The Velvet Revolution was unlike most revolutions in the world. There were protests and demonstrations but for the most part, these were non-violent. The transfer of power from a Communist, one-party rule, to that of a democratic government occurred between November 17 to December 29, 1989. This opened the free practice of religion and the ability of religious congregations to resume their activities in the country.
After World War II the Communists gained control of the country. By 1950 they had total physical control, they needed to control those who represented the opposition. The Catholic Church and other denominations represent this opposition. Beginning on August 28, 1950, the Catholic schools were nationalized and all the sisters of a congregation living in the country were arrested and bussed to camps in remote border regions of the country or imprisoned. Legally their congregations were dissolved. They were employed as factory workers or sent to work on farms. Their congregations were not allowed to receive novices.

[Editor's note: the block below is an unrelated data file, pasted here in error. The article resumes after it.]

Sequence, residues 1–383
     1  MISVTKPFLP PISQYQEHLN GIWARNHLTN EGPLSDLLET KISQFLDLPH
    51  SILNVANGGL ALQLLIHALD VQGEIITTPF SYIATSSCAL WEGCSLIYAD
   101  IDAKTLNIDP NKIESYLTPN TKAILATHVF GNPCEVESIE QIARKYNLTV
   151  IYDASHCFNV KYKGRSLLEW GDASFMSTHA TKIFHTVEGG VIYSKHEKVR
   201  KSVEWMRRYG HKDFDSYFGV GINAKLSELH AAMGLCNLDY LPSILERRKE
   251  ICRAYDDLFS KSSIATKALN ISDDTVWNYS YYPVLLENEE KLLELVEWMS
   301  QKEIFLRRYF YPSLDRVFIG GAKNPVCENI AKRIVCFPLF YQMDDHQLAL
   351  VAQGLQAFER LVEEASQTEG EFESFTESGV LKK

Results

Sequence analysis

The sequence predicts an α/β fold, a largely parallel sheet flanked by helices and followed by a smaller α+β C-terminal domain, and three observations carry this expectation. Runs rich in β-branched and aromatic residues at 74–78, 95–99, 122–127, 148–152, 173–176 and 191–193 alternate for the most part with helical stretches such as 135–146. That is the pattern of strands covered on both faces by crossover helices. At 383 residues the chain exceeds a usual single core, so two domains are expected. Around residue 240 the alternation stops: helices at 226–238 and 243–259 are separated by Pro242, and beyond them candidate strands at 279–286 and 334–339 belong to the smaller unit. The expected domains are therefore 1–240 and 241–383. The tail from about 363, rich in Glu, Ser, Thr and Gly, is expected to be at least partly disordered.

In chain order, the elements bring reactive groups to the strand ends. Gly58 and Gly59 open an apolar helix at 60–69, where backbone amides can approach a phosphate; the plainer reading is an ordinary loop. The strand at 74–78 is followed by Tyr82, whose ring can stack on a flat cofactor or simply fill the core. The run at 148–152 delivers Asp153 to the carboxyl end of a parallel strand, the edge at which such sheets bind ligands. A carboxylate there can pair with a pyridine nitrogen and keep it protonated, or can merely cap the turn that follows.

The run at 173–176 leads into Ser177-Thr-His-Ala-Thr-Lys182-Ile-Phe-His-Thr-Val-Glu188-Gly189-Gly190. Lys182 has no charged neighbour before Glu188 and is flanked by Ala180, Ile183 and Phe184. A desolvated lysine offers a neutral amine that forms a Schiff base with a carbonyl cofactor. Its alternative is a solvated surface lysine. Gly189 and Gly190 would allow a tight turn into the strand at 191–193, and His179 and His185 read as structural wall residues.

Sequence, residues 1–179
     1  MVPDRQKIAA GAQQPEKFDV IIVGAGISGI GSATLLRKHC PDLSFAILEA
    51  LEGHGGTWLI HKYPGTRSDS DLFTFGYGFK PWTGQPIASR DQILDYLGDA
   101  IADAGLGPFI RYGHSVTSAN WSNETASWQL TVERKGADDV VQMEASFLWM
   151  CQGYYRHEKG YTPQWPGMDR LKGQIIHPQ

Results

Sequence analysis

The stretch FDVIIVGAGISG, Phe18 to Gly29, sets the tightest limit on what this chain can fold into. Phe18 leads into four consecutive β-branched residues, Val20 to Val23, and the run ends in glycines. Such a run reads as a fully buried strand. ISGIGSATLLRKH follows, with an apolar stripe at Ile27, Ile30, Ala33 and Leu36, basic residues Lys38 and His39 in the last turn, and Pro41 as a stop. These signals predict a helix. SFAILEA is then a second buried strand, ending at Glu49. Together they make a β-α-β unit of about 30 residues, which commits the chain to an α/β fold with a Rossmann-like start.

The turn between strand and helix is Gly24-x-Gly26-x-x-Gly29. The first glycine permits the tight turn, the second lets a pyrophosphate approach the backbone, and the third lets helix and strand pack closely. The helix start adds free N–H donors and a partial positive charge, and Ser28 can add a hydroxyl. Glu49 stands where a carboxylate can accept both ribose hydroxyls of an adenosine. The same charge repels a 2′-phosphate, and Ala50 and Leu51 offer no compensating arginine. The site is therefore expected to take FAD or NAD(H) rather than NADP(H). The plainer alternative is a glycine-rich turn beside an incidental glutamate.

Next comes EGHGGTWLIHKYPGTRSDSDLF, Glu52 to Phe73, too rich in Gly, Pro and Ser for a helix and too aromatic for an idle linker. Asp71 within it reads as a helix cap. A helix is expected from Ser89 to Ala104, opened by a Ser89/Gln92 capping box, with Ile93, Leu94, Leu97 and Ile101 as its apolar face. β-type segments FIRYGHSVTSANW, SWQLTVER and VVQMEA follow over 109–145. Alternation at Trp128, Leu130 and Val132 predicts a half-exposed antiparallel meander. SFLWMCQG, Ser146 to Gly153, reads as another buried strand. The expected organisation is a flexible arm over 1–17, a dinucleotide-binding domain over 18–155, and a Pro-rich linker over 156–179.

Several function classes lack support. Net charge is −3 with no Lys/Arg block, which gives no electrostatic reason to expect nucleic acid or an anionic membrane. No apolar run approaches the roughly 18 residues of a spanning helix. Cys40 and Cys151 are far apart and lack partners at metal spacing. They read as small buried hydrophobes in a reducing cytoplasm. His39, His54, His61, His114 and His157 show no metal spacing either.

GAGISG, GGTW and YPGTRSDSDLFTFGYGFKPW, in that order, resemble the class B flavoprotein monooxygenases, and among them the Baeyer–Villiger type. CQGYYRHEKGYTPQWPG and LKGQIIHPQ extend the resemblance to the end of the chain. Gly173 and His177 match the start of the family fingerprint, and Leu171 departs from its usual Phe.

As a result of the liberalization following “the Prague Spring ” in 1968, the congregations of women religious in the border regions were allowed to receive novices. This came to an end in 1971. It was not until the Velvet Revolution that religious freedom legally returned.
The video “Interrupted Lives” tells the story of what life was like for a sister under communism.